Increasing your potassium intake can help you lower your blood pressure, according to Harvard Medical School. Aim to get at least the daily value of 3,500 milligrams from your diet each day. Potassium citrate is the form of potassium that is often found naturally in foods. It's also sometimes used as a food additive to stabilize foods and regulate their acidity levels.
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Prunes, avocados, apricots, orange juice, bananas and cantaloupe are high in potassium, with more than 300 milligrams per serving, and raisins, peaches, nectarines, apples, grapefruit juice, strawberries and oranges provide a moderate amount, with between 100 and 300 milligrams per serving. Blueberries, grapes and applesauce also provide a small amount of potassium.
Beans, dark leafy greens, baked potatoes with skin, squash and mushrooms are among the best vegetable sources of potassium. Each cup of beans contains between 15 and 30 percent of the DV for potassium, depending on the type you choose. A cup of cooked spinach or Swiss chard, a medium baked potato or a cup of baked Hubbard or acorn squash will give you more than 20 percent of the DV. Other vegetables high in potassium, with at least 300 milligrams per serving, include sweet potato, tomato, celery and carrot juice.
Peas, broccoli and beets contain a moderate amount of potassium, with between 100 and 300 milligrams per serving, and corn and black olives provide a small amount as well.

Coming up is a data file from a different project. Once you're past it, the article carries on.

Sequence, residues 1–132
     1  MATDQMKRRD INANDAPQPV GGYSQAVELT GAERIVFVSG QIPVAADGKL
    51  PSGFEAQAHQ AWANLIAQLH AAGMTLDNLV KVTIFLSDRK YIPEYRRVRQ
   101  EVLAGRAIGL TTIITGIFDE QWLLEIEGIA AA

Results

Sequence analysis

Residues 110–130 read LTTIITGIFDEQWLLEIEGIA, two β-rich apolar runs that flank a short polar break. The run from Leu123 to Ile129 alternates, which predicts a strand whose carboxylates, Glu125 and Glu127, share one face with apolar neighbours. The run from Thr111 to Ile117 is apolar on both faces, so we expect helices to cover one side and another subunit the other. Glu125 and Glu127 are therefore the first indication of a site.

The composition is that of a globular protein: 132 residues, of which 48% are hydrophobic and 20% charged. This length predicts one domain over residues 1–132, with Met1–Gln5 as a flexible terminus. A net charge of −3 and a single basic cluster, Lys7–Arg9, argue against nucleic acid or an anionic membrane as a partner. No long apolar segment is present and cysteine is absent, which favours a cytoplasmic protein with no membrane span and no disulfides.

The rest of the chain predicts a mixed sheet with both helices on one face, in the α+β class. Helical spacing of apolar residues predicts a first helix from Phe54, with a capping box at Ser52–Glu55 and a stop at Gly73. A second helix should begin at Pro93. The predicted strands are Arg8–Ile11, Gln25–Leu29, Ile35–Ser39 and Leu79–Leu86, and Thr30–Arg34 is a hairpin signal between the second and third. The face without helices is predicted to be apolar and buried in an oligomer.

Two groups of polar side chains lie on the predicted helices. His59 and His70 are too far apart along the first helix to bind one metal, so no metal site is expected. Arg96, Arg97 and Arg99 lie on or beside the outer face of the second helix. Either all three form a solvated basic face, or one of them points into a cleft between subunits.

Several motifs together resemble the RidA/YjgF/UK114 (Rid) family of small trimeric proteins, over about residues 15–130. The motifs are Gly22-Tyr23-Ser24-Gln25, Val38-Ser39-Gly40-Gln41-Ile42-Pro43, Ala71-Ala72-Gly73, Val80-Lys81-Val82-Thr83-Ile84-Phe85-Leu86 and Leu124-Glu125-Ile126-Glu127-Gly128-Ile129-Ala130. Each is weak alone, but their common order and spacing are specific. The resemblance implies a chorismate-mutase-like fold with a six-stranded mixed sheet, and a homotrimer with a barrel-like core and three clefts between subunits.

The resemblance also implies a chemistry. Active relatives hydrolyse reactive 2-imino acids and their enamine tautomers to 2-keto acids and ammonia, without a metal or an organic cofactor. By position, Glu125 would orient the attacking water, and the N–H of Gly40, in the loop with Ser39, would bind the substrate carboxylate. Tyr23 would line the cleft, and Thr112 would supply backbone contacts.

Protein Sources and Other Foods
Fish and yogurt tend to have the highest potassium levels among protein-rich foods. Yogurt has between 11 and 24 percent of the DV for potassium per cup, and fish has between 10 and 15 percent of the DV per 3-ounce serving. Chicken and nonfat milk are also high in potassium, and pork, ham, lamb and beef provide a moderate amount. Processed meats, such as bacon, corned beef and bologna, eggs and American cheese tend to be low in potassium.
Nuts and molasses are high in potassium, peanut butter has a moderate amount of potassium and butter has trace amounts of this essential mineral.
As an Additive
Processed foods often contain potassium citrate as an additive. Beverages, in particular, tend to contain this additive, including hot beverages, dairy-based drinks, infant formulas, alcoholic beverages and water-based beverages, such as sports drinks and energy drinks. Fish products, sugars and syrups, salt substitutes, pasteurized dairy products, cheese, sherbet, processed vegetables, breakfast cereals, candies, pastas, processed rice products, soybean products, bakery products, processed meats, condiments and seasonings, soups and prepared foods may all contain potassium citrate as well.